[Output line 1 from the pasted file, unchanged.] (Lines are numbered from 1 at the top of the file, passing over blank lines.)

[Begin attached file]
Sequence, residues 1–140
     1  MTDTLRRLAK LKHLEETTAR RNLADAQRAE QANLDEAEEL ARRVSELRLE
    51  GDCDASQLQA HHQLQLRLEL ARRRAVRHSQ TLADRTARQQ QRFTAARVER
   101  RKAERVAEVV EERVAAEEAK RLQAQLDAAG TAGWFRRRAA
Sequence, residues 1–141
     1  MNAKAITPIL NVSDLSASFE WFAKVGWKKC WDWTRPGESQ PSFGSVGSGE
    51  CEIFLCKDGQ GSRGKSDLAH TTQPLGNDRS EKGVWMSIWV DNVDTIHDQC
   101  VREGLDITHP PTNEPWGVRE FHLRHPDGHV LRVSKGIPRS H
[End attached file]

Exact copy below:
Sequence, residues 1–140